Wednesday, February 13, 2019
Happy New Year to everyone. Beginning last year and well into this new year, I have been pondering why, if we live in an increasingly transparent, social, and interdependent world, do I feel like we are evermore polarized, uncivil, and frustrated with the world around us. It is truly a multifactorial problem.
One perspective has me looking at binary thinking. Binary thinking is a way of organizing thoughts and seeing the world as either/or, one thing or its supposed polar opposite. Binary thinking assumes something is either true or false, right or wrong, good or evil, democrat or republican, liberal or conservative, secular or religious... Binary thinking can feel simple and comfortable, it does not require much thought or need for analysis. It is easier to adopt group think or binary thinking than to delve into the details.
The danger of binary thinking is that binaries are often false dichotomies, and it is extremely limiting, forcing people, behaviors, or thoughts into limited extreme positions without looking at the middle or the gray area. So, if one is a republican and a democrat offers a solution, the only binary choices are as republican versus democrat response. Since identify as republican in this scenario, one then slips into the binary. In my opinion, it is the gray areas that offer more potential, more richness and subtlety at revealing workable solutions and may even hold the truth. It would seem that binary thinking and truth-seeking should have a long-term relationship, but it now seems as though to protect one’s group, tribe, or affinity group, one needs to shut out not only the “other side” but the middle ground as well. Identification with a group position is now more important than a middle ground solution. Fealty to ideology is now more persuasive than a nonperfect but workable solution.
Binary thinking does not and should not work for lawyers. Examples follow.
As most of you know, I started the practice of law as a public defender in Denver. The criminal law binary paradigm is guilt or innocence. Then, as now, that binary is not reality. More than 90% of criminal cases are plea bargained somewhere between guilt and innocence. In the federal regulatory world enforced by the SEC, FDA, and other agencies, those companies accused of wrongdoing pay a huge fine but never admit doing wrong or guilt and yet are not declared innocent. In drafting contracts, hardly is there ever a transaction where there is not some escape clause or mitigation of damages clause, i.e,. a middle ground between performance and breach. Lawyers must dwell in that middle ground between the binaries if they are to truly serve their clients.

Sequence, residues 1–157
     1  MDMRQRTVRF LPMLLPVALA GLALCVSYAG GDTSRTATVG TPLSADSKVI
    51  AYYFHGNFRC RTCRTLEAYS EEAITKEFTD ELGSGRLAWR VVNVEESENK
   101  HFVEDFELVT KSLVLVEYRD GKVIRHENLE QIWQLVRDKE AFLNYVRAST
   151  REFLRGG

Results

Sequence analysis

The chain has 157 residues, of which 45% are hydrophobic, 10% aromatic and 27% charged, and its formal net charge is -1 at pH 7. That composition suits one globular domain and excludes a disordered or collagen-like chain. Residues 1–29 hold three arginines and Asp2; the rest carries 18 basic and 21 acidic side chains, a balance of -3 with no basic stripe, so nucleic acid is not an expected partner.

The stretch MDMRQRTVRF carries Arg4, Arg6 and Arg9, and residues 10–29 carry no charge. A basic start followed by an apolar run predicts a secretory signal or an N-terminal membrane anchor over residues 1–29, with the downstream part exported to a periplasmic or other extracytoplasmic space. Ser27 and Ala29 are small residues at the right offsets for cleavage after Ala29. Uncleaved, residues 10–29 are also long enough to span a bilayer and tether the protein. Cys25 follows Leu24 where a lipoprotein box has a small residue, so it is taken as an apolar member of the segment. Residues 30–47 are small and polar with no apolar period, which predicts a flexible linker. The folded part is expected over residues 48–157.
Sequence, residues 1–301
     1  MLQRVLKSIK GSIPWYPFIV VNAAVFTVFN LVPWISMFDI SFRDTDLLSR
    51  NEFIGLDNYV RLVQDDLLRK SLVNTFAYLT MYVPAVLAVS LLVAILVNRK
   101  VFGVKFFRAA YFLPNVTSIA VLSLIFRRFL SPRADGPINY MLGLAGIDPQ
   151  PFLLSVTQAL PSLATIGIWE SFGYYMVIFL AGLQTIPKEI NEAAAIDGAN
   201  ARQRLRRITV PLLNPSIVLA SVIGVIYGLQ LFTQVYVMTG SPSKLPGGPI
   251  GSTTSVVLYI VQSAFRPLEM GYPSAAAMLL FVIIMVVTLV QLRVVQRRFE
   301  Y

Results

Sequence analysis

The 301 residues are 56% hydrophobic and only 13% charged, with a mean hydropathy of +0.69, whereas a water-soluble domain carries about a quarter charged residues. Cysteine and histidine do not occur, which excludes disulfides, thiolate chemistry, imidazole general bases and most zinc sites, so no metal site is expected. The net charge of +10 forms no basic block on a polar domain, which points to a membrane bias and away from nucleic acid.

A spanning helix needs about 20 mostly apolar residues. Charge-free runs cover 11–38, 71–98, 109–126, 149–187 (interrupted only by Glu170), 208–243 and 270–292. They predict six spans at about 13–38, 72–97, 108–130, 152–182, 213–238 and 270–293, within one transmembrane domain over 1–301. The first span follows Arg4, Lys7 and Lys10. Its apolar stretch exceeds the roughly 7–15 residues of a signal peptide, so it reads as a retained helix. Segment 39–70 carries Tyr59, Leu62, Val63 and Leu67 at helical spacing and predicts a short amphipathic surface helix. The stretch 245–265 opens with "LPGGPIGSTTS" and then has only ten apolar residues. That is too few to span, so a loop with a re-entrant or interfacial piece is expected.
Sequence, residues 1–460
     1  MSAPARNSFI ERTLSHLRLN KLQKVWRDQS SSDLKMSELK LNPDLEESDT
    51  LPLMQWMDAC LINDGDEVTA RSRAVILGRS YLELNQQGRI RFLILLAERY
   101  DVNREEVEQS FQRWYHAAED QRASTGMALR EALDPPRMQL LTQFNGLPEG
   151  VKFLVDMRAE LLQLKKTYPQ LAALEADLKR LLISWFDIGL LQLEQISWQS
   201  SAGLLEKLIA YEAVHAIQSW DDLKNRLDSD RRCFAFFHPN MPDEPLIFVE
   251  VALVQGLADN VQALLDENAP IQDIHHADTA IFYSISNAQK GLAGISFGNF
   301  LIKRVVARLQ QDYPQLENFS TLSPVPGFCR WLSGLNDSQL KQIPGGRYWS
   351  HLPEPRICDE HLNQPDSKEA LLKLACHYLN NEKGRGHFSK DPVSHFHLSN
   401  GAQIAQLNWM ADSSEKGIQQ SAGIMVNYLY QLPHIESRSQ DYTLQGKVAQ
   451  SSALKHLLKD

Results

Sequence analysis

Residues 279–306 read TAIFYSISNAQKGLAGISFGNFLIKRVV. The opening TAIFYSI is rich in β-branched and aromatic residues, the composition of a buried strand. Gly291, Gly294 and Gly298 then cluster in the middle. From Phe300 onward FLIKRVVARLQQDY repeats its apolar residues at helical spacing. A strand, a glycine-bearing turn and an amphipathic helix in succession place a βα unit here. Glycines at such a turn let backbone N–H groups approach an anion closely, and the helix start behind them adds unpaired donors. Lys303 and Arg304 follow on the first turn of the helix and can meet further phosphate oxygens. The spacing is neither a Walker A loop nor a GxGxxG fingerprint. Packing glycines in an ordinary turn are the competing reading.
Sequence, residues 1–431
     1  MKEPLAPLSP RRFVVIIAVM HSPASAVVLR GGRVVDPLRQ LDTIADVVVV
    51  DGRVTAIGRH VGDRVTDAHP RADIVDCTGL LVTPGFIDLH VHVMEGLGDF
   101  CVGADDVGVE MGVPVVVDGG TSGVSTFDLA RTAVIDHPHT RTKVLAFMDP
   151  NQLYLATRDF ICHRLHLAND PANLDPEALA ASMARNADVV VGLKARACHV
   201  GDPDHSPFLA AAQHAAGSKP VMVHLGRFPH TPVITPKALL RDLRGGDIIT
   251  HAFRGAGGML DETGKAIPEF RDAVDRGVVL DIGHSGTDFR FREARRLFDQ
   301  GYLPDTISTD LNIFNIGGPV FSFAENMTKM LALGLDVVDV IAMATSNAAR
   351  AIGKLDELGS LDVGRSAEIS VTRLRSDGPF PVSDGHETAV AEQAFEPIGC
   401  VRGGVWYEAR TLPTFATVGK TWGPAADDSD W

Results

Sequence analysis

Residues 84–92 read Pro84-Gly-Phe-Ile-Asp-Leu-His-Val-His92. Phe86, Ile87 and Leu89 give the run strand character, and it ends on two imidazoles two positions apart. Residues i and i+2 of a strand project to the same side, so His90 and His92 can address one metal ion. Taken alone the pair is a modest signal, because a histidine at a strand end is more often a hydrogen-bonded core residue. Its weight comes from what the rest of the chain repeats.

What really got me interested in the topic of binary thinking is what I see as the continued assault on the rule of law. Examples amongst our elected politicians, corporate executives, and boards of directors is that they consistently find ways around compliance to the strict letter of the law, let alone the spirit of the law, and spin around in that gray area. More pointedly, our judicial system (the last bastion of defense for the rule of law) seems immersed in a thicket of contradictions. The White House and Senate seem to be obsessed with appointing “conservative” judges who espouse a philosophy of Originalism or Contextualism. Originalists argue that courts should say what the law is and not what it should be, suggesting that the related doctrines of originalism and contextualism offer greater certainty to preserve the rule of law than competing principles such as interpreting the Constitution as an evolving document. Originalism is a form of binary thinking that says that if it is not in the Constitution, it is wrong or unconstitutional. Contextualism seems to be a theory which allows the introduction of politics into judicial reasoning, by perhaps looking into the political discussions adopting the law as recorded in the statutory history.
Remember, the constitution is not written is stone, it has been amended 27 times and the Supreme Court has been interpreting the Constitution since its inception to make comprehensible or meaningful rulings related to the Constitution, an evolving society and, at times, to conform to the prevailing political winds. There are those that also suggest that agents of change in American la, should be legislators not judges, again the binary of the legislature versus the courts. Given what is happening in our legislatures, both federal and state, are you confident that our elected officials act as agents for change to fulfill the preamble of the Constitution, which provides: “…to insure the domestic tranquility, provide for the common defense, promote the general welfare and secure the blessings of liberty to ourselves and our posterity...”?
What are your thoughts?